Friday, October 14, 2016

Chapter 3; Learning from The Fringe. A bellydancer's take on learningfrom other performers.

Today's 'better late than never' Edinburgh Fringe review by Lorna, talks about two of the shows I saw in the fringe this year that were very different from each other, yet had in common one thing. You didn't see the actors face on stage at all..... Masks v sock puppets! 

Theatre dilusio- a non verbal play set back stage at a theatre. 

I wanted to see this show because, as someone who has spent many dancing years on stage myself, I loved the idea they used which was that the front of the stage is actually back stage! So when we are looking at the stage we see back stage, and when the actors go back stage they are actually going onto their stage. Confused yet? That concept in itself was interesting for me as a performer. To think about our on and off stage characters and where they coincide and where they differ, and how we change from one to the other. If we do. The show also touched on how people view us as people off stage when they have previously seen us on stage. 

This was a comedic play without a single word uttered, yet everyone knew instantly what was going on and the feelings the actors were trying to portray. Well acted you say, yes indeed, however the actors wore masks, so the feelings came to us not through facial expressions, but instead all of it was body language. 

This is a really important thing to keep in mind while dancing. I have seen dancers 'over act' happy, sad, etc on stage when they think that's what the song calls for, pulling huge grins, or long faces to depict what is being said in the lyrics. Sadly though, this often looks forced and fake. It is important to respond to the entirety of an emotion, not just to pull a face. We underestimate the impact even an outbreath can make to those trying to gauge how we feel, a tilt of the head, a lifting of the ribcage. Tiny movements can make a huge difference to the audience, completely altering the emotion we are portraying. Emotions should be danced through your entire body, not just your face!  

Scottish falsetto sock puppets- a hilarious one man (two socks) puppet show. 

I have never laughed throughout Shakespeare before! Loved this performance. As far as you could get really from a Bellydance performance, yet.... What was interesting here, from a dance perception is that each of the two socks speaking to each other, within their 'Punch and Judy' style booth, had very different personalities. They became two people. To the point where it was hard to accept that there was only one person 'backstage'. No body language. No facial expressions, yet huge personality. This was hard to understand. How can you show emotion without any facial expressions or even body language? It was of course largely in the script, but what struck me was how influential other elements were too. In particular, the pauses, the timing, the emotion put into the voices and the dedication to acting out each part. 

It is easy as a dancer to think that dance is about the steps. But it seldom is. It is often about the 'way' you do those steps, the timing, the pauses, the interaction with other dancers on the stage or with the audience. Commit to 'who you are' in any given moment and don't hold back. If you are dancing 'sexy' ... Then go for it. Don't 'mime' sexy. Feel sexy. Be sexy! The audience will sense any hesitation, or the doubt you have so you must trust that what you are doing is the right thing for you rather than what you 'think' you are 'supposed' to be doing to that part of the music. Commit fully, and remember that there should always be pauses. Moments for you, and your audience, to catch your breath, or to exhale if you've been holding your breath! 

Like I said, two shows, completely different but a similar message. You don't need to see a person's facial expression to know their emotion. It helps (unless it's over done) but it's not essential. Timing, commitment and body language all play an even greater role!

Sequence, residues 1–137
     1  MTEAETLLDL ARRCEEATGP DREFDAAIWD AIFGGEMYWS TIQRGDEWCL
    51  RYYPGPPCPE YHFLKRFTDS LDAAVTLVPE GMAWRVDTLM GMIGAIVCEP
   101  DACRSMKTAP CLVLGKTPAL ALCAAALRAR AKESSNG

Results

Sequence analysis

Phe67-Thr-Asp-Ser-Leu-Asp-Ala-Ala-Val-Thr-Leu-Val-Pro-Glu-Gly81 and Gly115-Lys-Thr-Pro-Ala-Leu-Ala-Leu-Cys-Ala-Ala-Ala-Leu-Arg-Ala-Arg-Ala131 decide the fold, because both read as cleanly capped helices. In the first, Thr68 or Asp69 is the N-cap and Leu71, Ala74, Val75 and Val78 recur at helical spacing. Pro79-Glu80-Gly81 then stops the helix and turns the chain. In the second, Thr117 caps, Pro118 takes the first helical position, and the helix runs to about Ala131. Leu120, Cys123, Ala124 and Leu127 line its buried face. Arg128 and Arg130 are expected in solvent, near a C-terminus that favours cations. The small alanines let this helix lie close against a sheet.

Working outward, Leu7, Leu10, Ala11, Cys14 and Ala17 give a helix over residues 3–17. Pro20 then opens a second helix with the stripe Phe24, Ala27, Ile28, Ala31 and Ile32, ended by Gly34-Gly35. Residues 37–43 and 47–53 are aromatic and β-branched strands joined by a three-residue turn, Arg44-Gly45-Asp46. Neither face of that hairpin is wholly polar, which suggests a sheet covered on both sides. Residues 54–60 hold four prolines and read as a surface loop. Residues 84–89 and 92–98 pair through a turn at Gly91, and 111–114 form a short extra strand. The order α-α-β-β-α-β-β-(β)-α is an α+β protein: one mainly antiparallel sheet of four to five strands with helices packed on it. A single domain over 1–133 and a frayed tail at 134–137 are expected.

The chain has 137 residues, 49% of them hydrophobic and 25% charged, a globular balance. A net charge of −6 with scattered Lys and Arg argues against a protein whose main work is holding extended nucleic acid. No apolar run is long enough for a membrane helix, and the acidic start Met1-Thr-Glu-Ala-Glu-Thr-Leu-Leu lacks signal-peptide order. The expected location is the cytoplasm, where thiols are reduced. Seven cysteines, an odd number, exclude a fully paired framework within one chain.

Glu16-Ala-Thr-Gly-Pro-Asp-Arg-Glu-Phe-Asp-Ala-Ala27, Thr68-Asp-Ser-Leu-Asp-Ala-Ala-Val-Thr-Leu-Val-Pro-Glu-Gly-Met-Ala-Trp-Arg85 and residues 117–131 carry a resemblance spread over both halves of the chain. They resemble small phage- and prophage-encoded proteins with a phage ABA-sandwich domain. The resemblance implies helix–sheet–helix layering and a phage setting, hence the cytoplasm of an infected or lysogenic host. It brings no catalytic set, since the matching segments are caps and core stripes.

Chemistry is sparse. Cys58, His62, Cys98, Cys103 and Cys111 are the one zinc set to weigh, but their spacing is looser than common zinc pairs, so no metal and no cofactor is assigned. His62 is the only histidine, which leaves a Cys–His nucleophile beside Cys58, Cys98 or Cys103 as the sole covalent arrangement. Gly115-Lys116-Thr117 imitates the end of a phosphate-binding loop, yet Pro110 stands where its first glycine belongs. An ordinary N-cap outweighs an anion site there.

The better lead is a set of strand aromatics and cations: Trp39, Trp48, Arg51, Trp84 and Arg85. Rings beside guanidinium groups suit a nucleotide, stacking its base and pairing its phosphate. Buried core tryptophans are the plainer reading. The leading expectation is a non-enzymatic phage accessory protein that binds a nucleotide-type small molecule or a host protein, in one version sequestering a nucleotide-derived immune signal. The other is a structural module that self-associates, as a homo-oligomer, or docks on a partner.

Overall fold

Oh, and check out the Falsetto socks on YouTube..... I promise you'll love it! 

Wednesday, October 12, 2016

Chapter 2; Learning from The Fringe. A bellydancer's take on learning from other performers.

Welcome back to Part 2 of my Edinburgh Fringe Review where I have reinterpretted what I saw in each show into Bellydance terms!

Triple entendre- Female Trio performing original songs and sketches. 

When I saw these these three young women walk onto stage I have to admit, I had initial doubts about the quality of the show to come. No offense intended, but they just looked like students. Young, pretty, but nothing like the bling or stage 'costumes' that a bellydancer is used to seeing. 
By the end of the first song, their massive personalities, material and amazing talent swiped all that superficial stuff from my mind rapidly. They were totally amazing, funny, captivating and are up there in my top 3 shows of the fringe (which I drunkenly admitted to them one night when I spotted them in a chippie, and had to go over, fan girl style, and tell them that they were fffabuloush!). 

This transformation from expectation to realism got me thinking; so much of our Bellydance performance is linked to how we initially present ourselves. If the costumes and 'look' isn't going to grab people interest from the get go, then the skills MUST! Making sure the 'look' is as professional as you can makes it a bit easier to get your audience on side and is an 'easy win' for a beginner bellydancer. Looking the part will carry you somewhat, but never completely! The opposite is also true,  I certainly know that when I look at dancers and their skirt if slipping, or the bra doesn't fit right, or they don't have enough make up on etc, then I am distracted by these things and not ready to appreciate the dance itself in quite the same way no matter how good the dance is. That said , accidents happen to us all, so if you do have a costume malfunction mid show, make it part of your act! So the costume isn't everything.... But it helps. 

Also- the other key word here from this wonderful show is 'original'. They weren't trying to copy anyone, they had written their own songs and jokes. With the beautiful voices they had they could have played it safe and done a string of 'standards' and they would have had a good show. By pushing their own ideas forward however, they produced a great show. One that is still memorable while I write this two months on. This is a good message for us as dancers. We often feel there is a right and wrong way of doing certain things, a 'way to dance baladi', a costume style that only fits to shaabi etc. I took from Triple that I need to be more adventurous in what I do, and not apologize for it. Be strong and confident and stand out. A powerful message indeed.